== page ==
Metropolitan News-Enterprise


Wednesday, December 4, 2019


Page 1


Ninth Circuit:

Maker of Drug That Withholds Warnings of Dangers Can Be Liable for Refunds


By a MetNews Staff Writer


The Ninth U.S. Circuit Court of Appeals yesterday ordered reinstatement of an action by persons who purchased an anti-diabetes drug and want their money back because the makers did not reveal that the medicine increases the risk of bladder cancer.

The opinion reverses a one-sentence order by District Court Judge Stephen V. Wilson of the Central District of California dismissing a putative class action under the under the Racketeer Influenced and Corrupt Organizations Act (“RICO”).

Suit was brought not only by purchasers, but also a healthcare fund that made reimbursements to those who bought the drug, Actos.

Bea’s Opinion

Writing for a three-judge panel, Circuit Judge Carlos T. Bea said:

“Today we confront an issue of first impression in our circuit, and one that has caused an apparent circuit split among four of our sister circuits: In civil actions brought under the Racketeer Influenced and Corrupt Organizations Act (‘RICO’) against pharmaceutical companies, do patients and health insurance companies who reimbursed patients adequately allege the required element of proximate cause where they allege that, but for the defendant’s omitted mention of a drug’s known safety risk, they would not have paid for the drug?”

Bea recited that the U.S. Supreme Court in the 1992 case of Holmes v. Securities Investor Protection Corporation held that for liability to attach in a RICO case, there must be “some direct relation between the injury asserted and the injurious conduct alleged.”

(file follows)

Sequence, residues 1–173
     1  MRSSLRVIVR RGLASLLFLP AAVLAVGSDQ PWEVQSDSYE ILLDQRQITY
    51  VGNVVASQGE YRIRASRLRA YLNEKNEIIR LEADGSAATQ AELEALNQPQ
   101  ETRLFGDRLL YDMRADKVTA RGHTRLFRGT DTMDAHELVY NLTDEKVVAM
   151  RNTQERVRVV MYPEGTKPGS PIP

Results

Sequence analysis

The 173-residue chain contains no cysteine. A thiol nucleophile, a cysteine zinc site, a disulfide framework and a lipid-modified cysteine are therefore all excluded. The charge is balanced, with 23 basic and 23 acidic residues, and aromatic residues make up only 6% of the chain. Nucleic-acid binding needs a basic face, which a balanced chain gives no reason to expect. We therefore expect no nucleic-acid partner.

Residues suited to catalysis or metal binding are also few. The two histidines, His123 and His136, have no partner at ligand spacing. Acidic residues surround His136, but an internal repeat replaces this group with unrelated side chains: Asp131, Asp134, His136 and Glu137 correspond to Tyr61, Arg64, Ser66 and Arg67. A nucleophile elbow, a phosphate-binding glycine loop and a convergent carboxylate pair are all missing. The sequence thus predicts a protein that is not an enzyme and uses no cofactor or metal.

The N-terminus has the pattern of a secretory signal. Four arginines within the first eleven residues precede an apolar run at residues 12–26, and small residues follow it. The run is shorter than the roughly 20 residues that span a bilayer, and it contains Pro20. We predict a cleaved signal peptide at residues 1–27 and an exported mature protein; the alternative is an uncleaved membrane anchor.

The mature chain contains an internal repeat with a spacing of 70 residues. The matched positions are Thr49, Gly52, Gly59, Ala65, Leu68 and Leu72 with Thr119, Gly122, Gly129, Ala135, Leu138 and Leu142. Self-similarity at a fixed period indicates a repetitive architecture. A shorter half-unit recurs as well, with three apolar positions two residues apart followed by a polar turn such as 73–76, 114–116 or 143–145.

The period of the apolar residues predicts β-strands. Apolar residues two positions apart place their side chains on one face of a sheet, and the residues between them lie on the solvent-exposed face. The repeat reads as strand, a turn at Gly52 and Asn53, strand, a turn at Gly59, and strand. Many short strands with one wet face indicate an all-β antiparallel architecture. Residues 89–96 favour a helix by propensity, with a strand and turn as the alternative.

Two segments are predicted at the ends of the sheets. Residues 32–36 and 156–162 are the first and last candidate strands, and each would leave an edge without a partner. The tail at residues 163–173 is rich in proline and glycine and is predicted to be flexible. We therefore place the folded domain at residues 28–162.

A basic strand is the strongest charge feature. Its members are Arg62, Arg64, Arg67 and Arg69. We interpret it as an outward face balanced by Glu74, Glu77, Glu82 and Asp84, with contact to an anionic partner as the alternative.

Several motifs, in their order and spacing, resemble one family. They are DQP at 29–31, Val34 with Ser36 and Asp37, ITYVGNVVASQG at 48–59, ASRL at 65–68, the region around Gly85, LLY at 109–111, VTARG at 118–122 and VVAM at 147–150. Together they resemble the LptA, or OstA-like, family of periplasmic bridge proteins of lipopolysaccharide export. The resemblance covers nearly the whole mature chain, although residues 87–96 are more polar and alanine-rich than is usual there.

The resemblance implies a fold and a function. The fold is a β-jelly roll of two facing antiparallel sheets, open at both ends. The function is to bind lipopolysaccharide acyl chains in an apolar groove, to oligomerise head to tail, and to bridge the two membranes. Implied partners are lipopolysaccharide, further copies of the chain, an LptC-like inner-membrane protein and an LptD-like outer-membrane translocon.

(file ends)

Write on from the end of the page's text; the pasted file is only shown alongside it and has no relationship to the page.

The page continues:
Conflicting Views

He noted that the Second and Seventh Circuits have held that a drug-maker’s failure to reveal consequences of using the product does not proximately cause harm to the patient because the act of the physician in writing the prescription and the acts of pharmacy benefit managers are intervening causes, while the First and Third Circuits have taken a contrary stance.

“We think the First and Third Circuits have it right because their reasoning is more consistent with the Supreme Courts direct relation requirement,” Bea wrote.

He said:

“Here, Plaintiffs seek to hold Defendants liable for the consequences of their own acts and omissions toward Plaintiffs: the money spent by Plaintiffs to purchase Actos.”

Personal Injury Actions

The action does not seek damages for personal injuries through ingestion of Actos. Such actions are being separately maintained

The Food and Drug Administration on Sept. 17, 2010, put out the word that it was investigating the side effects of Actos. On June 15, 2011, it issued a warning, which says it “is informing the public that use of the diabetes medication Actos (pioglitazone) for more than one year may be associated with an increased risk of bladder cancer.”

Sales of the drug plummeted by 80 percent.

The case is Painters and Allied Trades District Council 82 Health Care Fund v. Takeda Pharmaceutical Company Ltd., 18-55588.


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